DA, IRRI join forces to boost rice output
The Department of Agriculture is strengthening a joint program with the International Rice Research Institute (IRRI) to increase productivity in rice farms.
Agriculture Assistant Secretary Federico Laciste said in a joint statement the partnership with IRRI was crucial in developing a national strategy for rice farming and uplifting the lives of Filipino farmers.
Laciste, who is also deputy director of the DA’s national rice program, said local farmers needed to produce palay at a minimum of seven tons a hectare at P7 a kilogram, in order to be competitive.
Currently, the productivity of rice farms nationwide is pegged at an average of 3.9 tons per hectare at a cost of about P12 per kilo.
Farmers in neighboring countries like Thailand and Vietnam—both among the world’s largest exporters of rice —produce at an equivalent of just about P6 a kilo, thanks partly to government subsidies.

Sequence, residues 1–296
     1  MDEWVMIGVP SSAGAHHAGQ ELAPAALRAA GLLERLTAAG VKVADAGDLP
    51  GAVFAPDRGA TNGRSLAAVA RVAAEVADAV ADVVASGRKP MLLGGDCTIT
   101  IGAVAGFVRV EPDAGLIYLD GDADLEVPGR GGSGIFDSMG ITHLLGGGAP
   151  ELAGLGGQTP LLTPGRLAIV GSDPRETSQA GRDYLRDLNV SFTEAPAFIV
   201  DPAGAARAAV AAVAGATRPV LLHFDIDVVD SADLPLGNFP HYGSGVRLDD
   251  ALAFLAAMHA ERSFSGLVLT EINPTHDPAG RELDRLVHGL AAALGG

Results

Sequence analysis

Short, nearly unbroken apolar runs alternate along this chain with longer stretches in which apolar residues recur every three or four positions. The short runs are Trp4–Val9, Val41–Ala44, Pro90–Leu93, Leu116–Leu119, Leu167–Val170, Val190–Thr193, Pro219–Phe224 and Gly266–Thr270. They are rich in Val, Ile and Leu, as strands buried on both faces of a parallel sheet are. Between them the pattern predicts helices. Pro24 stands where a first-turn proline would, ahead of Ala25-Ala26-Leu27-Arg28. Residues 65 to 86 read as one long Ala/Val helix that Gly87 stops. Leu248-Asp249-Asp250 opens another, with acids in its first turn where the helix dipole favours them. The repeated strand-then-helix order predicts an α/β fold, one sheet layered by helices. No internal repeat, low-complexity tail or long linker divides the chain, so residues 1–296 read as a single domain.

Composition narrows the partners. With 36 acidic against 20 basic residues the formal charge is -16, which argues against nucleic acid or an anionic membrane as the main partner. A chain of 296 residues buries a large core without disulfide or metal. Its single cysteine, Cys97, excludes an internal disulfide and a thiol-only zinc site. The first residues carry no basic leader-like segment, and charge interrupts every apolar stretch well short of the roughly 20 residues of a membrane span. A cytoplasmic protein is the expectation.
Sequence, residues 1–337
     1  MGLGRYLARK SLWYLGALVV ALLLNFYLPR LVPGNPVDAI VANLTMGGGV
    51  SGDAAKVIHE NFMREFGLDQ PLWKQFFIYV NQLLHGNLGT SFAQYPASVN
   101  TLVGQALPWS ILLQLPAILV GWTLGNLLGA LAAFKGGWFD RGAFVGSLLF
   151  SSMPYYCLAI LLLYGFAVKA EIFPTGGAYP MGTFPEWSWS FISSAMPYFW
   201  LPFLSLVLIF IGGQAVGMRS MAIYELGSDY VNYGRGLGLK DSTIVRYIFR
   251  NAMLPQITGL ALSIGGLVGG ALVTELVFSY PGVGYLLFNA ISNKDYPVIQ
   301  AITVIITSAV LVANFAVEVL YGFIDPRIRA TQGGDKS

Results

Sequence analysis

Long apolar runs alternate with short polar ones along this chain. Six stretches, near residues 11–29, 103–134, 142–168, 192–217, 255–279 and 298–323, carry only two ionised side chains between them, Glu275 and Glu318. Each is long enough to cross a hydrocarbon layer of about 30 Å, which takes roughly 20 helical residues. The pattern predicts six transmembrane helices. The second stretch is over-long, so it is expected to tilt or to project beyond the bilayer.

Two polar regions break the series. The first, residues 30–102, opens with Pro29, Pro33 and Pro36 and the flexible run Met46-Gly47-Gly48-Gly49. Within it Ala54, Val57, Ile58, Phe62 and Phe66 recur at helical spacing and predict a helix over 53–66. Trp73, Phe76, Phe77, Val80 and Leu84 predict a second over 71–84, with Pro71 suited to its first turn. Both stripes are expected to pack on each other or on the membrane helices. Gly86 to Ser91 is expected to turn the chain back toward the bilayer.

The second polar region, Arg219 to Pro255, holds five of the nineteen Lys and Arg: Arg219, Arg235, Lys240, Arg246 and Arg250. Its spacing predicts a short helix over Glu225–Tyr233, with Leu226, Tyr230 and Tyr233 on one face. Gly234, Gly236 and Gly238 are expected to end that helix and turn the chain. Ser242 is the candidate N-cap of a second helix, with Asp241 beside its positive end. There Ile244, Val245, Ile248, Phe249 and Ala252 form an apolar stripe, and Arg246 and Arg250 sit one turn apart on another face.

Economists, both in the academe and at state-run think tank Philippine Institute for Development Studies, have raised the alarm about farmers losing out to lower-priced imports when import curbs are removed by the middle of this year.
The DA is pushing for the implementation of such curbs —through quantitative restrictions, a special mechanism approved by the World Trade Organization that will expire on June 30—by at least two more years to help the local industry be better-prepared for competition.
“We have plenty of work to do pertaining to rice,” Laciste said.
Collaboration between the DA and IRRI include projects that use the latest technology and scientific knowledge in rice production such as the web-based decision support tool for precision farming called Rice Crop Manager, and satellite-based rice forecasting and monitoring system called Philippine Rice Information System.
There are also the Green Super Rice program that promotes climate-smart varieties; Heirloom Rice Project; the irrigation management tool called WateRice; mechanized seeding and improved postharvest storage systems such as the solar bubble dryer; as well as Project IPaD and IRRI Education that build a new base of community extension officers.
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